• Coaching is not a substitute for counselling, mental health care or substance abuse treatment.  If you are in any kind of therapy, please tell me.  Tell your practitioner (medical or therapeutic) of you working with me.
  • I ask you to agree to commit to the coaching sessions to facilitate the required change.
  • I will treat you as the expert regarding the subject matter, which is…YOU.
  • I will allow time and space for you to explore your thoughts and think for yourself, no interruptions. There may be long pauses or silence sometimes to elicit more.
  • What goes on in your sessions is confidential. I do not discuss it with anyone. There may be occasion when it is my duty to break confidentiality:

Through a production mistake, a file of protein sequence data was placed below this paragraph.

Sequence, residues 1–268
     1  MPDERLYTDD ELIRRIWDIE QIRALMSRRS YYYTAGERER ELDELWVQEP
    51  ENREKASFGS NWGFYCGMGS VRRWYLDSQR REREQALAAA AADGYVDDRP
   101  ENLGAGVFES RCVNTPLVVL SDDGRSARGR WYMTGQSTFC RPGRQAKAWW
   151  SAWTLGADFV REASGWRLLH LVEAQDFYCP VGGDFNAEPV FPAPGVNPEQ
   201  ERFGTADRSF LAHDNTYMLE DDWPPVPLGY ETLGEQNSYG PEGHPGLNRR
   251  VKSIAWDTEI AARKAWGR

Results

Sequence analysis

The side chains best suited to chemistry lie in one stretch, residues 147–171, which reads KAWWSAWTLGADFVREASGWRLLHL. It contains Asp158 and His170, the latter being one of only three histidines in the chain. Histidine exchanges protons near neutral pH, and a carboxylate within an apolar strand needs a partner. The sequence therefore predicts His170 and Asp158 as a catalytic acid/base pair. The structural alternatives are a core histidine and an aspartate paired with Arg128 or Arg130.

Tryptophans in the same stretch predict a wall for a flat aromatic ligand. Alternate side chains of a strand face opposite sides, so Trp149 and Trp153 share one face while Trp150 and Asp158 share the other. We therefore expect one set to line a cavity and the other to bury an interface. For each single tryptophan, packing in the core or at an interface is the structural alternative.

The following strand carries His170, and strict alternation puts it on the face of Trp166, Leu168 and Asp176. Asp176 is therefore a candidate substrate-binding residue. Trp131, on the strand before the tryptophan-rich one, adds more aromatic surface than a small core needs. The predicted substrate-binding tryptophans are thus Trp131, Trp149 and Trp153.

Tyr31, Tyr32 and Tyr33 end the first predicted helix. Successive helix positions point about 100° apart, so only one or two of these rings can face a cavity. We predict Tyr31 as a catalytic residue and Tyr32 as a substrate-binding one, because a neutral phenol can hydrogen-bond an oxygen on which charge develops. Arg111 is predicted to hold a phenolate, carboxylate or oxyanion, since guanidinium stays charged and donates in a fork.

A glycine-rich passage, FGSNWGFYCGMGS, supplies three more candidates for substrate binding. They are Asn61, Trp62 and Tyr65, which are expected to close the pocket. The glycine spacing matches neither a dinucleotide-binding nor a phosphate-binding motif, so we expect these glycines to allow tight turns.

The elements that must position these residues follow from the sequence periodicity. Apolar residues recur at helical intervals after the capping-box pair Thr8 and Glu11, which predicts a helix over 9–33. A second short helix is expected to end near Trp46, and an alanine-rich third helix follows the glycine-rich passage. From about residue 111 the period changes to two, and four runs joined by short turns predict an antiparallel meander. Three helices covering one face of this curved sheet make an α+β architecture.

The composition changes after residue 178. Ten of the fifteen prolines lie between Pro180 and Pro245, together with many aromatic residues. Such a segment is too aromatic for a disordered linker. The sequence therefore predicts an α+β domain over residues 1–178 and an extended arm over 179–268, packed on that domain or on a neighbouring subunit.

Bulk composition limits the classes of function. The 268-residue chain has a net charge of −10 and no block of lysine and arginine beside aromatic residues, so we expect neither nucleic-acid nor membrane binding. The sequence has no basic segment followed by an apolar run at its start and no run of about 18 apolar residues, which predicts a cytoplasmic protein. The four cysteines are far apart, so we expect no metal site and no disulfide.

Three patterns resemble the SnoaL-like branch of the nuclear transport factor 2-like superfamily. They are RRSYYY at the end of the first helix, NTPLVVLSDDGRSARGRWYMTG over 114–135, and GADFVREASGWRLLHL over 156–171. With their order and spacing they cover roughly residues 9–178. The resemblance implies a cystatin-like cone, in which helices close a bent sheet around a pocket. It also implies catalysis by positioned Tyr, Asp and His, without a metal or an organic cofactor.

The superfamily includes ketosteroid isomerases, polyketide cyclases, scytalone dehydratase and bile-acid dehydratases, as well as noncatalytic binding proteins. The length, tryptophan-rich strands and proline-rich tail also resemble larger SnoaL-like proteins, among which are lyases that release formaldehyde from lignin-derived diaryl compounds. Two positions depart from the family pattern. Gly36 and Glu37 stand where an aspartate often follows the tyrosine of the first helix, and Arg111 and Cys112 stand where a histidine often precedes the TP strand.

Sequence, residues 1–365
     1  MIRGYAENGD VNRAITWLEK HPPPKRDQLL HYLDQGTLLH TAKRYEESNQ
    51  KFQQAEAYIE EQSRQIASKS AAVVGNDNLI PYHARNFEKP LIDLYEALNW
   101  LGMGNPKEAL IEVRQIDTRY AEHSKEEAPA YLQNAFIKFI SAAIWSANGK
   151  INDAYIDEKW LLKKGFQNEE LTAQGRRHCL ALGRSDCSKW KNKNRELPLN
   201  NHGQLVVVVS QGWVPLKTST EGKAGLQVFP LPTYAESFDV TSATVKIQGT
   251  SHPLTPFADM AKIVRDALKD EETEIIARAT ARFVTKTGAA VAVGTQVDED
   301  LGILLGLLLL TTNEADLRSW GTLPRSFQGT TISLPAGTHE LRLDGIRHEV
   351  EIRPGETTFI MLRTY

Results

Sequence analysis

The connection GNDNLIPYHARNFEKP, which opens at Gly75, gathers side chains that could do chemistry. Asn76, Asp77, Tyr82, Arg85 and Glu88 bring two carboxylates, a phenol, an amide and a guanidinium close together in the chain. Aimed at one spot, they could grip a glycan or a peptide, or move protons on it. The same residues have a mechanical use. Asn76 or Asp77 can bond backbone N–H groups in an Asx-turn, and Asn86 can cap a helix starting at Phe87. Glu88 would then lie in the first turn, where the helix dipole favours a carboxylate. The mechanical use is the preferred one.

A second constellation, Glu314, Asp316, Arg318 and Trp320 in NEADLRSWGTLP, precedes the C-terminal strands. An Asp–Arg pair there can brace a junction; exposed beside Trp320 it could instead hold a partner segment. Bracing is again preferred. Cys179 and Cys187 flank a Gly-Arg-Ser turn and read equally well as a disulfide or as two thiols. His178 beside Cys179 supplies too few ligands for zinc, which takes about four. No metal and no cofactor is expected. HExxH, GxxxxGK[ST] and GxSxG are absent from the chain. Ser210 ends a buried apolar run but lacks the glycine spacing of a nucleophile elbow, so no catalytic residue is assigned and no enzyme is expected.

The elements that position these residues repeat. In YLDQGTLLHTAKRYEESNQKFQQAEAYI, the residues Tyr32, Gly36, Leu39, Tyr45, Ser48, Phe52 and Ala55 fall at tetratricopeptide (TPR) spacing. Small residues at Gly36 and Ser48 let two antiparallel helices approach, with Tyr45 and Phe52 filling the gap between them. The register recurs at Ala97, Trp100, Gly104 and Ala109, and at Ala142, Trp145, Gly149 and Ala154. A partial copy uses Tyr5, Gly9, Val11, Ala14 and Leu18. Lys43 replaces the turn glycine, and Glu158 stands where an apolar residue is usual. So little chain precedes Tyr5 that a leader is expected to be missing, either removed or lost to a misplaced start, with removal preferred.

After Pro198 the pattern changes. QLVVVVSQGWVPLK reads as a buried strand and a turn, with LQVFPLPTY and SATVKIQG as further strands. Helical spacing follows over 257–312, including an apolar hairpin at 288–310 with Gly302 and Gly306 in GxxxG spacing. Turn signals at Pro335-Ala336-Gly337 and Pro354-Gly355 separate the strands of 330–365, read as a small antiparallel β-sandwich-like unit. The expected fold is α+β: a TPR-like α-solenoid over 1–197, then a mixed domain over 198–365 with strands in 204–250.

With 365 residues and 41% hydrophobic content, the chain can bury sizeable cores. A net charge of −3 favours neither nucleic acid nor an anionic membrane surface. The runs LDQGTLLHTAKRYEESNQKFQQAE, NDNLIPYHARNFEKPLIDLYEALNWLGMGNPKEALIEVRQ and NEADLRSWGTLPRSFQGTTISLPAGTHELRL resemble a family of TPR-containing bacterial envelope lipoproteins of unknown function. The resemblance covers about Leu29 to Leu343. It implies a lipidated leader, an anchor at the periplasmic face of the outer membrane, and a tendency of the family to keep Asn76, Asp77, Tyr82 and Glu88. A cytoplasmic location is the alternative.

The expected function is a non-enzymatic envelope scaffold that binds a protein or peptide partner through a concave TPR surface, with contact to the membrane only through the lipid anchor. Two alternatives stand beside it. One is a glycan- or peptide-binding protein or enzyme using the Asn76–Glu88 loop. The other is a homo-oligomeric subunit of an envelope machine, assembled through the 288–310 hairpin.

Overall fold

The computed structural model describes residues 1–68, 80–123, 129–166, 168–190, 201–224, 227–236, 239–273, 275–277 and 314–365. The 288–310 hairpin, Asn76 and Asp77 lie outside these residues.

> If I feel you or I are at risk of harm.
    > Criminal / illegal activity.
    > A safeguarding concern or something else so serious that warrants concern.
  • I may talk to my coach or supervisor about issues arising in our sessions without ever naming or giving away you as the client. This is to ensure I am following professional and ethical guidelines and delivering my best. I subscribe to these by the ICF; https://coachfederation.org/code-of-ethics
  • Qualifications and CPD; I am an accredited coach. This means I have trained, practiced and qualified with Animas Centre for Coaching (Nov 2020). I hold a ‘Diploma in Transformational Coaching’. This is accredited by the International Coaching Federation (ICF).
    > I have my own coach and group supervision
    > My CPD includes –  Outdoor Intelligence for Online Coaching (Oct 2020) -Positive Psychology (Feb 2021

My accreditations


My story